Health Tips - Thyroid Stimulating Hormone

 
Thyroid Stimulating Hormone

Thyroid stimulating hormone (TSH) is a hormone that spurs the thyroid into action. It accelerates thyroid function. The most important thing to realize about TSH is that it isn’t made by the thyroid and is therefore not a thyroid hormone. It is made by the pituitary gland in the brain, so it is a pituitary hormone.

The pituitary tells the thyroid how much work to do; it is the boss over the thyroid. If the level of thyroid hormone in the bloodstream is too low, the pituitary puts out more of its TSH to drive the thyroid into higher hormone production. If the level of thyroid hormone in the bloodstream is too high, the pituitary puts out less of its TSH so that the thyroid puts out less thyroid hormone.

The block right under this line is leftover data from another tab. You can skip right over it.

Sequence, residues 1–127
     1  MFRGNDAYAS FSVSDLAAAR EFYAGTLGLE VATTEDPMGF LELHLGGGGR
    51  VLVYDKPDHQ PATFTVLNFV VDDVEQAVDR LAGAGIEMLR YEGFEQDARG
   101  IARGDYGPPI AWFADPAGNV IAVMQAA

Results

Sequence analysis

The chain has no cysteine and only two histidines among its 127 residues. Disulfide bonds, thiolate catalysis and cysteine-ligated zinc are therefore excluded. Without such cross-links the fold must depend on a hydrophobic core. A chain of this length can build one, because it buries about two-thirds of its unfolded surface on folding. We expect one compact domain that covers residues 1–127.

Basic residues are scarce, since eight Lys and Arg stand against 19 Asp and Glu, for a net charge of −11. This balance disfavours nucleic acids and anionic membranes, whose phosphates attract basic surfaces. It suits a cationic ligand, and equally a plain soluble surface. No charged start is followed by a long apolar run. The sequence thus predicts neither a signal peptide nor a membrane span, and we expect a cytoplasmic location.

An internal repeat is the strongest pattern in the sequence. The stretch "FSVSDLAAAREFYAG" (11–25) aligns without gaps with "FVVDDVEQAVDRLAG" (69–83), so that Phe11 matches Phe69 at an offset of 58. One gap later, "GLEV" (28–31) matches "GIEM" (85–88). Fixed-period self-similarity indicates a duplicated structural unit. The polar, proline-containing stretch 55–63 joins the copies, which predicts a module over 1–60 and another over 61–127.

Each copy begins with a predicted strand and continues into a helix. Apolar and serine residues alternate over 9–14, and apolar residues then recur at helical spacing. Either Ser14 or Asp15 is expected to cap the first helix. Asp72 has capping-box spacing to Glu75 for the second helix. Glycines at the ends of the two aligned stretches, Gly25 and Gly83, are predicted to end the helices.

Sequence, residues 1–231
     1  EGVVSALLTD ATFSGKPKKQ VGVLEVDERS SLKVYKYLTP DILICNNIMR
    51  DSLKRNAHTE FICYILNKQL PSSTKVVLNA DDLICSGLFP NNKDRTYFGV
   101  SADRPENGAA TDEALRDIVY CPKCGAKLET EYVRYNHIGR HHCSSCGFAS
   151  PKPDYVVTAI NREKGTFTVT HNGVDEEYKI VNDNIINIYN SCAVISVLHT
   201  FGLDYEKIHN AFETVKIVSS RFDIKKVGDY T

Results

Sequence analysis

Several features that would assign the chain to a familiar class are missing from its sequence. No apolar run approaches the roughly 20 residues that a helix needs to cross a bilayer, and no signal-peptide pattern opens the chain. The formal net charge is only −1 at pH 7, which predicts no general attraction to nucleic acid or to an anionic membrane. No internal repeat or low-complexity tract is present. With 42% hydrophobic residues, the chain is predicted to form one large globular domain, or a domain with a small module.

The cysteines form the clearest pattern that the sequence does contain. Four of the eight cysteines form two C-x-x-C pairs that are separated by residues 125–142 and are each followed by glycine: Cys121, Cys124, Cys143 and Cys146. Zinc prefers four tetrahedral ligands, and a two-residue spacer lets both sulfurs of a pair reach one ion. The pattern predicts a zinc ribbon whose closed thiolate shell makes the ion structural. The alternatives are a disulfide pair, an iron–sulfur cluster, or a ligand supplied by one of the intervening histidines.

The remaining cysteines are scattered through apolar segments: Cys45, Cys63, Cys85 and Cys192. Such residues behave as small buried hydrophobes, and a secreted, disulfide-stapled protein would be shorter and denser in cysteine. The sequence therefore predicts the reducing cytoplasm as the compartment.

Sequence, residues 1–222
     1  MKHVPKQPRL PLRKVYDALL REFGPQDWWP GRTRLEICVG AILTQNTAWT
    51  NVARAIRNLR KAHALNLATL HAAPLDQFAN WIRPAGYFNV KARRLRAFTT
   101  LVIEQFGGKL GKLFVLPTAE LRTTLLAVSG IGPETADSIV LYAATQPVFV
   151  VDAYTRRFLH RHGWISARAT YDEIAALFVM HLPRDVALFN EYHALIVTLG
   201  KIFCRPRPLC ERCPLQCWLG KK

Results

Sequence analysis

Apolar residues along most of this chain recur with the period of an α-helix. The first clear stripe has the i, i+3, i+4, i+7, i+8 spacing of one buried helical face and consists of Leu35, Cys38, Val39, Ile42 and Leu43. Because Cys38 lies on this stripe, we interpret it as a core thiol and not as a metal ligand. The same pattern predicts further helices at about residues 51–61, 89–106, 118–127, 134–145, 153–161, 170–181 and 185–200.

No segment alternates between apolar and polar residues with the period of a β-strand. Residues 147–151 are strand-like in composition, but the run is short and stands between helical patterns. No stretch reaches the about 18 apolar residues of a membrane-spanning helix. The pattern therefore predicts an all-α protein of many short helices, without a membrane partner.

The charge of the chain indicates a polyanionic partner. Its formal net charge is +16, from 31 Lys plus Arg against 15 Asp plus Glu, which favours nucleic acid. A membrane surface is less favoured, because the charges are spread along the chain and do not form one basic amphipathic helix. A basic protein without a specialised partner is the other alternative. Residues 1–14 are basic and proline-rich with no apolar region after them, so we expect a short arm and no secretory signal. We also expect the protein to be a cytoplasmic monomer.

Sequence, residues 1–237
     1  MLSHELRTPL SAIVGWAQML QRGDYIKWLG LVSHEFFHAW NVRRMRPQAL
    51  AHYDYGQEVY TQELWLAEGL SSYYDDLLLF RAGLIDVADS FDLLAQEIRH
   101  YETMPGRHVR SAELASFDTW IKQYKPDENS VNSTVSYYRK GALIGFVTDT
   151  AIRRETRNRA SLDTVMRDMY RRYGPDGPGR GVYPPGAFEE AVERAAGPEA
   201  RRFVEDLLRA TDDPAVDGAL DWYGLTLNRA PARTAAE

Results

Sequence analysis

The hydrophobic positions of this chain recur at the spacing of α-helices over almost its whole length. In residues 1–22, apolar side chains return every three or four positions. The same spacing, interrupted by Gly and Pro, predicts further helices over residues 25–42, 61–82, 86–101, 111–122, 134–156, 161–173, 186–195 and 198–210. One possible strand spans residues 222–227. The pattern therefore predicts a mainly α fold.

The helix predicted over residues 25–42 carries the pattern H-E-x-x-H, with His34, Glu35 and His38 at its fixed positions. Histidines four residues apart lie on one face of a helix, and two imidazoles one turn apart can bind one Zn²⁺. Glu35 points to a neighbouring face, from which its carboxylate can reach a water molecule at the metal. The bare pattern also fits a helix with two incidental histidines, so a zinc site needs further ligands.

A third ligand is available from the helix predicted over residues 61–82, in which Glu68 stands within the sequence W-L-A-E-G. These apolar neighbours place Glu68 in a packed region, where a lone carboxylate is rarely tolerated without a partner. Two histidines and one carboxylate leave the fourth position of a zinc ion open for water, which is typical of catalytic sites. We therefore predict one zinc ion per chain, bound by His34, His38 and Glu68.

People think that if the TSH is high that their thyroid function is high, but the opposite is true. Again, TSH is not a thyroid hormone. It is a hormone made by the pituitary to stimulate thyroid production and it is therefore an indicator of the level of thyroid production.

On a blood test, the TSH should be within a certain range. If the TSH is too low, that is usually because there is too high a level of thyroid hormones, produced by the thyroid itself, already in the bloodstream. In that case, the thyroid is considered to be “hyper” in function. If the TSH is too high, that is usually because there is too low a level of thyroid hormones in the bloodstream. In that case, the thyroid is considered to be “hypo” in function. Alternative doctors try to get the TSH level below 2.

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